Be a hardass- be strict, but fair. Always hold your students accountable for what you cover in class. Always be prepared- know the text, material, and lesson plans for the whole year in advance, if possible. Your preparation -or lack of it- will show- Don't ever wing it. If you are challenging, your students will respond, and you'll have a better time, too. Students and teachers EARN respect, they do NOT automatically deserve it. Also, make sure the administration will back you up if there are any egregious school conduct violations, such as fighting, threats, etc. in the school, where you are present. If not, go find another job in another district, ASAP. Also, don't let the principal ever see you in the office, unless it's to pick up your paycheck - or to pick up the state award for best teacher of the year. Principals and superintendents do not like dealing with teachers' problems at all (esp. classroom discipline), so, you are on your own, NO MATTER WHAT THEY TELL YOU. Don't dump discipline problems (and their perpetrators) on the front office- that's a good way to make enemies, really fast. Keep them in your classroom, and deal with them yourself. The office has enough to deal with already. I would even be wary of older teachers' ideas and advice- keep your own counsel. Don't complain, always be pleasant, and remember, what works for other teachers (even what I'm telling you), might not work for you. Nonetheless, a good mentor and helpful relationships are beneficial. Network like crazy, too; better jobs and opportunities usually come by word of mouth, despite the ads in the papers. Most education jobs are already a done deal by the time they hit the want ads. (Administrators, however, have to go through the motions of interviews, etc., in order to look fair.) NEVER bring anything to school on you, nor say or write anything to ANYONE in the school, that could be misinterpreted. You are under a microscope at all times. Back when I was teaching German, in my first year, a well-meaning relative in Germany sent me over a stack of youth magazines, (BRAVO, etc.) in a big envelope that I stuck in my briefcase, and brought to school, w/o looking at them first. (I thought I'd go over them in study hall, to see what aricles I could cut out and use in class.) Well, while I was helping out a student in class, some others saw the mags in my briecase and started looking at them. Lotsa nudie teen pics, it turned out (YIKES!!)--- teen mags had got a lot racier in Germany since I was a kid there...oy! Reaction? let's just say... even in liberal MA., people are still pretty puritanical compared to Europe. I managed to salvage my rep as a good teacher and person, despite that incident, before it got too far, but I had to do some fast explaining to my dept. head.... yes, they shouldn't have got into my briefcase, but more importantly in today's political climate, I shouldn't have even brought them to school. (phew...) Good luck- and be prepared!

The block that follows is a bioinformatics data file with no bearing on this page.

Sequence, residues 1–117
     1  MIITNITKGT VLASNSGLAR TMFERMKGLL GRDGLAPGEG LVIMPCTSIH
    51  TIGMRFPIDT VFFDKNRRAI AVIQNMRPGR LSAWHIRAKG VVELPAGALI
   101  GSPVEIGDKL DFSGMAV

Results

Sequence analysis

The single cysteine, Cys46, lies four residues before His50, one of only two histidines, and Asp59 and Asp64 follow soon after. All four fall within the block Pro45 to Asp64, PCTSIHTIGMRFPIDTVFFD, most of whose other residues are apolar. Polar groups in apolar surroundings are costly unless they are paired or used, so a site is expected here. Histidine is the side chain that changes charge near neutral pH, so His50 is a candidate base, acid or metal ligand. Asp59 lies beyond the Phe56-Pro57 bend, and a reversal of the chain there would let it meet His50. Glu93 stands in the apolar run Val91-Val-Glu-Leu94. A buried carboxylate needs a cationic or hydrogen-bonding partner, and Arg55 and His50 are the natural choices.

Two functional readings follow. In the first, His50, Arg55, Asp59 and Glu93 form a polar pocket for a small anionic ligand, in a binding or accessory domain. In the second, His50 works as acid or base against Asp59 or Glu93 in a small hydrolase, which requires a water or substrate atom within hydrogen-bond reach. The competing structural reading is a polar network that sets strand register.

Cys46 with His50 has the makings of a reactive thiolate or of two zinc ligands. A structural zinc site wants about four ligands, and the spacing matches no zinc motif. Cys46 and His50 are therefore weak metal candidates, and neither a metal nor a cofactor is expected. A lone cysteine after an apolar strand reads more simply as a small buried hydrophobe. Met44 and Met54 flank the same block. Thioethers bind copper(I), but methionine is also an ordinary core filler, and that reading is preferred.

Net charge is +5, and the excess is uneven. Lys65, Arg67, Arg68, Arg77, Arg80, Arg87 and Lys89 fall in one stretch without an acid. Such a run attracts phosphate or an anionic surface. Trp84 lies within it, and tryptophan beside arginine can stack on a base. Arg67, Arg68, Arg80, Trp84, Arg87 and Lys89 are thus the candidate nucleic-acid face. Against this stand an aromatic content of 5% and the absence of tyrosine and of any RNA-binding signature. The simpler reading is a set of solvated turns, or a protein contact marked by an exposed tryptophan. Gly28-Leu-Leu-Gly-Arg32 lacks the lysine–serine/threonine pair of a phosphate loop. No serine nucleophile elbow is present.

Link Posted: 6/22/2001 10:24:16 AM EST
95th foot, Sounds like you are a GREAT teacher! Thank you for your input. All sound advice. How long did you teach German? Are you still teaching?
Link Posted: 6/22/2001 10:32:36 AM EST
Hey Larry G, do you use Ricky Duffy's range across the Talmadge(if they actually decided on the old name, I didn't keep up) in SC, or do you go to Richmond Hill? I work at the 'Stream by the airport.
Link Posted: 6/22/2001 12:49:22 PM EST
Originally Posted By SigChick: 95th foot, Sounds like you are a GREAT teacher! Thank you for your input. All sound advice. How long did you teach German? Are you still teaching?
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Thanks-I'm not a great teacher, just a veteran one, who learned how to survive. I taught for eight years. (I had been a history teacher before that, but went back to grad school for an MA in German.) The kids were great, (mostly), even the parents were cool, very enthusiastic (German in MA is usually an elective, so, anybody who is in the classes usually really wants to be there.) but the administration...ugh...Maalox time. Politicians masquerading as educators...grrrrr..... >:^( I am not teaching right now, as A) budget cutbacks meant I had to find a new job every year... (that got real old, real fast..) and B) we now have three small children- so I stay home to raise them (Missus is a doc- very busy practice). Lots of fun, but lots more work than teaching(!!). When they get older, we'll see about going back into teaching- I like things the way they are, just fine. If I ever get back into teaching, I not only want to teach German and history, but set up a rifle team at school. Even in Massachusetts!
Link Posted: 6/22/2001 2:34:02 PM EST
7th and 8th grade science here. What 95thfoot said!!!! Scratch
Link Posted: 6/22/2001 3:16:04 PM EST